The world is in a scary place right now. I’ll refrain from using the words “uncertain” and “unprecedented” because we’ve all heard them a little bit too much over the past few weeks.
The fact is, the news is constantly changing and it’s unclear when we’ll be able to control the coronavirus and COVID-19 outbreak. What we do know is that it’s absolutely necessary to socially distance and stay home.
If you’re a healthcare worker or working in a grocery store or for a delivery service, we can’t thank you enough for risking your life to keep the rest of the world running.
For the rest of us who have the privilege to stay home, it’s important to stay informed, be responsible, and remain as calm as possible. We recommend checking the World Health Organization and the Center for Disease Control for up-to-date, reliable information.
Normally, when discussing finding the light we’re talking quite literally about adding light to a dark home. And this advice is still relevant! Lift your blinds! Open your windows and let fresh air in!
Today, though, we want to talk about finding the light in a dark situation and adding structure to days that might feel monotonous.
To start, find gratitude for what you do have. Regardless of what’s going on in the world, there are always things to be grateful for.
One of those things is humor. Thankfully we live in a world with multiple streaming services and social media that allow us to feel connected in ways we never have been before.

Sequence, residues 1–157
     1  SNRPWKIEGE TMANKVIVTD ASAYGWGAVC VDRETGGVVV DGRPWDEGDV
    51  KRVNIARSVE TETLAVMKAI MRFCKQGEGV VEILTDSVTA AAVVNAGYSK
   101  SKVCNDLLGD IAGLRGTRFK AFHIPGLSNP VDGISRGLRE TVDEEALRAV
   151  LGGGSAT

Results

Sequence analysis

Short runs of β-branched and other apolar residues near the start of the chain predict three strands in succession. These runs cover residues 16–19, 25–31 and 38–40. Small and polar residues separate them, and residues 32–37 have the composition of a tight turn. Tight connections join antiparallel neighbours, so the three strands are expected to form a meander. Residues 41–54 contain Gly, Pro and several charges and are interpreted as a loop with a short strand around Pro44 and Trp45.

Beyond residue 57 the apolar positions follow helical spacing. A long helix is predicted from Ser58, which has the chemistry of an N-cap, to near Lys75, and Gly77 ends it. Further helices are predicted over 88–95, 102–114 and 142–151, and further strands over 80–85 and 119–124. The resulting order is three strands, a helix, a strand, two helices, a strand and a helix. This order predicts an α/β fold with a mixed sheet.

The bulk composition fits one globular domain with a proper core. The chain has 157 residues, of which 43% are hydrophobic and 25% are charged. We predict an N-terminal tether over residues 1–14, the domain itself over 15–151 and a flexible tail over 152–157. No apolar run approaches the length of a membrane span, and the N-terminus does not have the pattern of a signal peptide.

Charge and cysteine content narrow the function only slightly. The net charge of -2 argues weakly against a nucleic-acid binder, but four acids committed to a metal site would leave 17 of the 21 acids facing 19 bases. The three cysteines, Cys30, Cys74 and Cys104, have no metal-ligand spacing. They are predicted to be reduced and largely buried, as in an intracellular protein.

Follow your favorite comedians on Instagram, watch ‘Comedians in Cars Getting Coffee’ on Netflix, and throw on your favorite nostalgic comedy movies.
If you love podcasts, listen to the Josh Gad episode of Armchair Expert – a personal favorite and one that will make you laugh out loud.
These are small things, yes, but injecting levity and humor in your day can make all the difference.
Speaking of your day, it can be very beneficial to create a schedule so that the days and weeks don’t all blend together.
This doesn’t mean you need to wake up at 6 AM, do a workout, and put on jeans and a blouse so you “feel professional.” Although some people will benefit from getting dressed, others (like me) actually work better in comfy clothes.
And, most importantly, let’s not use this time to be hard on ourselves. Creating a schedule is just a way to check things off your to-do list and make your day feel more productive; even if the only things on your to-do list are doing your laundry and taking a shower.
Exercise will keep you sane and energized when you’re spending a lot of time at home. And thankfully, many studios and online platforms are offering free classes. I’m of the personal belief that now’s not the time to force yourself to do a workout you hate.
My workout of choice? These Popsugar Fitness Dance Workouts for some fun, silly energy.
If you’re not an online workout person, taking a walk (as long as you’re keeping your distance from people and you’re not in an area that’s mandating shelter-in-place) is the best therapy.
Organize: Check out: Spring Cleaning: 5 Tips for a More Organized Home
Learn how to cook: The Bon Appetit YouTube Channel is a wonderful escape at any time of year.
Read: Find a fantasy book to escape into, a witty memoir to make you laugh, or a historical fiction to put things in perspective.
Stay in touch: Call your grandparents! Skype your parents! Play a virtual game with friends! (The Houseparty app allows you to play games with friends on a video call)
Whether or not you decide to do all or none of these things – be gentle with yourself. The most important things to do right now are to stay home so we can flatten the curve, stay in touch with family, and stay healthy.
Beyond that, we hope we’ve provided you with a few suggestions to make this time a little more productive and a little more enjoyable.
Author: Julia Maiman
Julia is a writer, blogger, and believer in the smell of old books. She has been crafting stories since she could put pen to paper. She is also a lover of dogs, traveling, and Led Zeppelin.